There has been a ton of great conversation lately on race in writing--the editing of Huckleberry Finn to remove a derogatory descriptive word, the casting of Jennifer Lawrence as Katniss in the movie version of Hunger Games, plenty of other fab blog posts and discussions spurred by these and other events.
First, a pair of opinions. Yes, I think it's lame that someone felt the need to edit the "n" word out of Huck Finn, and would only be ok with this if they had put in something completely ludicrous that would draw even more attention, like "bubblegum sparkle ostrich feathers," so that you were reminded of their idiocy as you read. And no, I don't think it was bad casting unlesss Lawrence turns out to butcher the role, as, yes, I think Katniss is white. Historically, Appalachia is a predominantly white area, and is in fact often cited as one of the few regions where white people have poor access to health care, education, and other opportunities, making it somewhat of a rural inner city in terms of access. I could really digress here, but I won't.
But what is it about race and books that has such a propensity for setting us off?
Well, race is sensitive and books are often ambiguous. Unlike in movies, you might not know a character's race right away in a book. Take Katniss and the other residents of the Seam in Hunger Games as an example--I assumed they were white because of my understanding of the setting and how I applied the descriptions. To me, olive skin and grey eyes are white descriptors, because my father has olive skin and I see grey eyes on white friends of mine (and not on black friends). But they could easily be perceived as features of a mixed racial background, as well. So be bring our prejudices--and yes, we're all prejudiced by our experiences, I'm not using that term in a negative way, but a realistic one--to the book we're reading. If this was just about whether a character was tall or short, it would be a funny happenstance--"Oh, you thought Katniss was short? I totally read her as tall! How funny." But race is such a charged subject that we have a tendency to go on the defensive, or just get really uncomfortable.
Plus, let's be honest, race has a nasty history. It takes a skilled and sensitive writer to balance honesty about how characters might feel about race with how the reader will react to the character and a world in which race may appear in different ways than it does in our experience. This is especially true in stories that take place in the past, where racism was often much more open, in an imagined future where race might take a starring role in class-making, or be eliminated or undiscussed.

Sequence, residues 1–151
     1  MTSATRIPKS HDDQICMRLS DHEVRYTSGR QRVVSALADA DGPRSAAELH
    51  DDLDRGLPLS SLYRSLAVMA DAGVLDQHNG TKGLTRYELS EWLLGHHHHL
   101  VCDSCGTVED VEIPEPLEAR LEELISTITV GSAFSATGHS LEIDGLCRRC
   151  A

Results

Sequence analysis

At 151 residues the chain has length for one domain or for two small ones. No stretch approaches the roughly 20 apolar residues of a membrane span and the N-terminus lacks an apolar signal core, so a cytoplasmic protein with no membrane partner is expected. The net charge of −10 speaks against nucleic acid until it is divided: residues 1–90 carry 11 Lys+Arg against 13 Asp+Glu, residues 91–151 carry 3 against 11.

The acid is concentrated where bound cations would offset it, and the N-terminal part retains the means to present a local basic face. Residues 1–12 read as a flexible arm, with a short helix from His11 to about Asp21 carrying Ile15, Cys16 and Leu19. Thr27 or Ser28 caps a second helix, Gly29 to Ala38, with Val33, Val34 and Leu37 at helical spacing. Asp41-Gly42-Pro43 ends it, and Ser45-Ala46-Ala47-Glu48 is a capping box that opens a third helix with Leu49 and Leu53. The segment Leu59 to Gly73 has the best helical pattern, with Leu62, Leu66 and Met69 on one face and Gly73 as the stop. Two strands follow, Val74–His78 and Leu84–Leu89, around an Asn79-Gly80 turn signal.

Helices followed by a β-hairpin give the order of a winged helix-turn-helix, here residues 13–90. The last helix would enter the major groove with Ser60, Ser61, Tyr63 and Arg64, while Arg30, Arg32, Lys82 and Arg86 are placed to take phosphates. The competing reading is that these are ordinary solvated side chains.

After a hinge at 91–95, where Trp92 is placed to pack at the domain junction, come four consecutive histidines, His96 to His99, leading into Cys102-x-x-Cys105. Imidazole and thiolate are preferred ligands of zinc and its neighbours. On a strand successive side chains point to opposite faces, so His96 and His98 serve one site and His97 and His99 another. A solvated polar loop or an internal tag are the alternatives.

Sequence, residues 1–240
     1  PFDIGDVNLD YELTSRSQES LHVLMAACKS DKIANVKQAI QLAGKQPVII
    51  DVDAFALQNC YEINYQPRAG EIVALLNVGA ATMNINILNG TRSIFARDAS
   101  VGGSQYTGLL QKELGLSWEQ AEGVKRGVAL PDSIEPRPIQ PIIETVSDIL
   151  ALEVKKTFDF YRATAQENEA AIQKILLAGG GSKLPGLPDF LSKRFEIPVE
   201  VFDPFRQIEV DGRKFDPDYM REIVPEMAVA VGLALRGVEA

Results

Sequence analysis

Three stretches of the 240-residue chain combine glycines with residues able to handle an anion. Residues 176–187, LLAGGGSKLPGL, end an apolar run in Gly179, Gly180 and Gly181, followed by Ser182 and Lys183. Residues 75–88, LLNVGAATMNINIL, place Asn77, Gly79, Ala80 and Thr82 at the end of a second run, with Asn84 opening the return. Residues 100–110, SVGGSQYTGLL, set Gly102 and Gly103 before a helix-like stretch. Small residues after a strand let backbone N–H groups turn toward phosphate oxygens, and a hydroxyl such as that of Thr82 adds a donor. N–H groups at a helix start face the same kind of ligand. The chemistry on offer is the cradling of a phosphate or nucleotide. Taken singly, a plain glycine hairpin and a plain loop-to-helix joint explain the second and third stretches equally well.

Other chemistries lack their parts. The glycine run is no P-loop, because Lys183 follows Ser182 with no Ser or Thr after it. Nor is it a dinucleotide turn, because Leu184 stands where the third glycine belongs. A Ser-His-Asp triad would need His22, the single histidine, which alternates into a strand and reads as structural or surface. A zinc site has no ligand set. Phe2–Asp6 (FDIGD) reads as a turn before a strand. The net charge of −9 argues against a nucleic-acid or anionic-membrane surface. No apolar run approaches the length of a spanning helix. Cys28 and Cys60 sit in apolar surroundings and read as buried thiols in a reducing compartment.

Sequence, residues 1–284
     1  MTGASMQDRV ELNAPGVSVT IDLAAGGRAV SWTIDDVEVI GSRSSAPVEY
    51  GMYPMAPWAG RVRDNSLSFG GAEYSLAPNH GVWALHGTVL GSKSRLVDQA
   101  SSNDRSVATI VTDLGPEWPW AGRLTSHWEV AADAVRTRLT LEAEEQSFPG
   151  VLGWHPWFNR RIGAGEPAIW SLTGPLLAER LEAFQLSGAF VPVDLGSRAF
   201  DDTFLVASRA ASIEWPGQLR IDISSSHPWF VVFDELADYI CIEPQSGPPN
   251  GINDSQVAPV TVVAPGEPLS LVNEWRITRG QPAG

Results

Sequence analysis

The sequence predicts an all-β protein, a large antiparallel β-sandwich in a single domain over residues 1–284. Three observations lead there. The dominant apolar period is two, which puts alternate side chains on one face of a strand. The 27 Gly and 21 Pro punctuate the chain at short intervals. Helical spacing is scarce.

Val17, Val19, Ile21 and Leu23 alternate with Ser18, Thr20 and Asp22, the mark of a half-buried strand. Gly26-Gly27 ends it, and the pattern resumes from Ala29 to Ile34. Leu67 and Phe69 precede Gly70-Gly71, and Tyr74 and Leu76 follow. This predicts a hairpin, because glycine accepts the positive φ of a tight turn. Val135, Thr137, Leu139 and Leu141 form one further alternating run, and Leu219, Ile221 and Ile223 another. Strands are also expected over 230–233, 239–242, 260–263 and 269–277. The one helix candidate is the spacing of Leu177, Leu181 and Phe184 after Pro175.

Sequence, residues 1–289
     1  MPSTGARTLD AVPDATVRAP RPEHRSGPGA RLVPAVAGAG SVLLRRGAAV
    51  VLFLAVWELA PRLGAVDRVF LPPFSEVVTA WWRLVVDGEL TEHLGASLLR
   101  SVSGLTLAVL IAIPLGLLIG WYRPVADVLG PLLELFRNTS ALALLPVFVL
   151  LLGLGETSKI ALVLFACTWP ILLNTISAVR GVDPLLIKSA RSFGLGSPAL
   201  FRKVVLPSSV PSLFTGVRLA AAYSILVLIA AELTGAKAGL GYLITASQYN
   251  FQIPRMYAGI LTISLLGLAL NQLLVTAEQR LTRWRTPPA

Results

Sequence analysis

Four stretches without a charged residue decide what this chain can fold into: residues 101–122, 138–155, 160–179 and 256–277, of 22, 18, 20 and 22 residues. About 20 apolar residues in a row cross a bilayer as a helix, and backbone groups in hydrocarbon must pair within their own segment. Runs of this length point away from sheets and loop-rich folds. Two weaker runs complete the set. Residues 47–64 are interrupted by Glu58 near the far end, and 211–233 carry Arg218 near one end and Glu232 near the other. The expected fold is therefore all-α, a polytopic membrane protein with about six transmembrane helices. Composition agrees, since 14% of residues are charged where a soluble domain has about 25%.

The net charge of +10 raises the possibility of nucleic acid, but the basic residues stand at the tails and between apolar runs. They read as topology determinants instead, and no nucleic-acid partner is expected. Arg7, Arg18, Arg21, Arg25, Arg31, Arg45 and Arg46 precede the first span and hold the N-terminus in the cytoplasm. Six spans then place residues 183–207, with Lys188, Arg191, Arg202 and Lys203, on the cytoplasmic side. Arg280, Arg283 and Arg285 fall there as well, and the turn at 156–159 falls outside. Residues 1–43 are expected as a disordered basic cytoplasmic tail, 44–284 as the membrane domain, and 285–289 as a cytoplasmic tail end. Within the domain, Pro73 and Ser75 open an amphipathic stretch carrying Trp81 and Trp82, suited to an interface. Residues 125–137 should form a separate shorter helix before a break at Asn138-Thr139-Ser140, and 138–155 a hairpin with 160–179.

In stories set in the past, some stories set today, and many stories set in imagined worlds, we have to accept that characters will be racist. Not all, perhaps, and possibly at varying levels of horrifying opinions, but nothing peeves me more than when writers--especially in historical fiction in times and places where we know the average person was a blazing racist--ignore the race question in places it needs to be addressed, or have perfect, enlightened Mary Sue characters who all have lovely outlooks on the futility of defining a person by race. Yeah, right. In our past, even white individuals who didn't personally perpetuate horrors like slavery, the Trail of Tears, or internment camps still didn't usually view other races as "equal" to them. In the present or in imagined futures or other worlds, you can avoid race--but only if it makes sense for the story. When race comes up in the story a writer has to deal with it with an honest but sensitive outlook. You have to be able to write compelling, even (gasp) likeable characters who are racists if we're going to write about times and places where racism was rampant. Hard? Yes. Even harder when readers aren't open to it? Definitely. Acceptable to ignore the hard truths about racism in favor of puppies and sunshine? Nope.
What this might boil down to, even more than race, is what we expect from our characters. We don't want to touch icky stuff with our characters--racism, sexism, religious intolerance, moral ambiguity--because it makes us look for these things in ourselves, as readers and writers. But isn't that the point of books? To provide new outlooks, safe spaces for exploring ourselves, and provocation and questions?
Sorry if this was a ramble--but it's something I'm having to look at it my own writing. I wrote one story set in a time and place when slavery was normal, and it simply wouldn't have worked to have modern-thinking characters. They accepted the black people their families owned as normal, and I didn't delve into it much beyond that. I question if this was the right attitude to take in the writing, or if it would have appeared to a modern reader to ignore the problem, even though it was an honest portrayal of history and of the characters I imagined. I'm now working on a story set in a speculated future in which my little pocket of characters is all white (not me whitewashing, but a completely legitimate circumstance). When they encounter people of other races, it's tied up with culture shock as well. How can I deal with this sensitively--yet still maintain the strangeness for my characters of people who simply look so different?
How does race crop up in your writing? What about favorite books that deal with race--how did they approach telling a story fraught with potential pitfalls?